Question by Student 201312171 Professor, thank you for your awesome teaching. Sir, in this morning, I've learned that the Kelvin-Helmholtz instability occurs when two viscous flows, which have highly different speeds each, meet and when Reynolds number is near ${10}^{4}$;(you showed some examples with cylinders in flows with different Reynolds numbers.) Then, I'm curious about whether the Kelvin-Helmholtz instability can occur in transition region on the flat plane. In my thought, it can occur within a flow of which Reynolds number is near ${10}^{4}$ because boundary layer right before the transition is so thin that stiff rate of change of speed along the depth may cause a kind of mixing.
 10.18.16
Yes you are right, something similar to the Kelvin-Helmholtz instability occurs within the transition region of a boundary layer on a flat plate. But, the physical phenomenon is not the same because there is no clear shear layer separating two streams within a boundary layer. Rather, the boundary layer becomes turbulent often (but not always) due to the Tollmien-Schlichting instabilities. Those are rolling 2D vortices that form on the edge of the laminar boundary layer and that are amplified through sound waves reflecting off the nearby wall. I'll give you 2 points bonus boost for your question.
 10.19.16
 Question by Student 201227103 Solving assignment #5, question #5, I have a question about relation between pressure and mass flow rate. As along as dimeter does not change $\frac{dP}{dx}$ is constant in Fully-Developed region however if pipe condition changes the mass flow rate will be changed compared to previous mass flow rate. Then bulk velocity and Reynolds Number will change. I'm wondering if I could assume $\frac{dP}{dx}$ constant nonetheless pipe condition changes. For example, rusted pipe to smooth pipe.
 11.15.16
Yes, you can assume $dP/dx$ to be the same when solving the rusted pipe and the smooth pipe. For this problem the pump can be assumed to yield constant pressure increase, and this pressure increase leads to a certain $dP/dx$ in the pipe which won't change as long as the pressure at the pipe exit and the pressure of the fluid entering the pump doesn't change. In this case, the pressure of the fluid entering the pump as well as the pressure at the exit of the pipe are atmospheric, hence why $dP/dx$ can be assumed not to vary. I'll give you 2 points bonus boost.
 Question by Student 201427115 Professor, I have a question about assignment #5, Question #6 (f). How we can know Re range if pressure change ten times higher at turbulent flow? from tables, friction factor is defined differently along range of Re at turbulent flow.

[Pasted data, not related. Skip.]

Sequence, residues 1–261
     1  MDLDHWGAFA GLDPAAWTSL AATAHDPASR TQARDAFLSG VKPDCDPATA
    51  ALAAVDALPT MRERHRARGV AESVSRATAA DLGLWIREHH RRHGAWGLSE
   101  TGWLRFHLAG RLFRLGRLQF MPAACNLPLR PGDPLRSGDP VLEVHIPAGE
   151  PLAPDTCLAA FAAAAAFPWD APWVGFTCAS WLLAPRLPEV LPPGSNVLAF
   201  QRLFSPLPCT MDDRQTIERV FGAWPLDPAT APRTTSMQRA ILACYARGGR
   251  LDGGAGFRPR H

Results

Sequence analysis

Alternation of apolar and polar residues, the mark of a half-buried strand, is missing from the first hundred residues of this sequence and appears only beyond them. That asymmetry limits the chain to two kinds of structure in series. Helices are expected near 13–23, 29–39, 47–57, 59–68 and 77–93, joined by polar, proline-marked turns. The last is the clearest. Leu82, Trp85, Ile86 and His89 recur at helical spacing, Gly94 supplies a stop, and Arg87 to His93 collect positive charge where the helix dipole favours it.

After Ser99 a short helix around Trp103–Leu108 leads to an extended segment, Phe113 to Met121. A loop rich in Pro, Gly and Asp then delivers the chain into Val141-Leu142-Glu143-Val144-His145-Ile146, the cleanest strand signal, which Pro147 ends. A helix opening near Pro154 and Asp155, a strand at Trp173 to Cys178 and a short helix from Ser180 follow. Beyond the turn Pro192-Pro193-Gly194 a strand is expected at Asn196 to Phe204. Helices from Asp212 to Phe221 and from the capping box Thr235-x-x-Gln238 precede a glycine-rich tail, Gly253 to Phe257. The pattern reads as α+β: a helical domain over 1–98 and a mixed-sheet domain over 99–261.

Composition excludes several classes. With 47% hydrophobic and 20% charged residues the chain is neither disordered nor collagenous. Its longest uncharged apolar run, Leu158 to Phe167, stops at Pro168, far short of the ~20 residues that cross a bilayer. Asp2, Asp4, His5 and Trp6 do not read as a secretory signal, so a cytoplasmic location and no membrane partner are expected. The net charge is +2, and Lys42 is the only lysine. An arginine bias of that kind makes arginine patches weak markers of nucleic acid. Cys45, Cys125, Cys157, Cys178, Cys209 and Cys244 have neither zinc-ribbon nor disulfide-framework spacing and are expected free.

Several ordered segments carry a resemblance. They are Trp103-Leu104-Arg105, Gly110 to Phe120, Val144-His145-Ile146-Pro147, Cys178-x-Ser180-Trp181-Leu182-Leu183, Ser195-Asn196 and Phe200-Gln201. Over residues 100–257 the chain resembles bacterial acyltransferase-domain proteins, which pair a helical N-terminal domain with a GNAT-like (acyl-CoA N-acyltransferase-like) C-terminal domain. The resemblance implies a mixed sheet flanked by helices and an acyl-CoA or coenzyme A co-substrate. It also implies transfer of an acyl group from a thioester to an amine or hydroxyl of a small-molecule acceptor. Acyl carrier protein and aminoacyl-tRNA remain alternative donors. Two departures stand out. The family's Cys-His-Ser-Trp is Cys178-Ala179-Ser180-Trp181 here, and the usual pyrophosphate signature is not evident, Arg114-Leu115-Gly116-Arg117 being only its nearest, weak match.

You can proceed iteratively by trying out a correlation and checking if the correlation is valid once the answer is obtained. Or you can use the Moody diagram instead of using the correlations. I'll give you 1 point bonus boost.
 Question by Student 201227103 From Question part#3 (b), i cannot understand the meaning of 'grid-converged' and 'coarser grid'. I tried to found this meanings on google but i didn't get proper answer. Also I understood that the meaning of 0.1% variable is comparing values of ub from Prandtl versus Jones solution. Is it correct meaning?
 12.06.16
This is a good question. What you have to do is to make a table of $u_{\rm b}$ as a function of the number of nodes as follows:
 $N$ $u_{\rm b}$ 100 .. 200 .. 400 .. 800 .. 1600 .. 3200 .. etc.. ..
The solution is “grid-converged” on a grid level if $u_{\rm b}$ is within 0.1% of the one on the next-coarser grid level (a coarser grid is a grid with fewer nodes). For example, if the difference between $(u_b)_{N=800}$ and $(u_b)_{N=400}$ is less than 0.1%, then the solution is grid-converged at $N=800$. I'll give you 1.5 points bonus boost for your question.
 Question by Student 201427115 professor, I have a question about assignment5 #5 (b). I got answer of (a) using shear stress at wall. i'm wondering is it okay to use same shear stress at wall of (a) to (b). I think that shear stress is change with respect to eddies.
 12.18.16
If you use the same shear stress at the wall in (a) and (b), then you need to prove why it is the same (if it is!). You can start your proof by looking at the forces acting on a fluid element within the fully developed region. It's a good question, but a bit late and not so well typeset.. I'll give you 1 point bonus boost.
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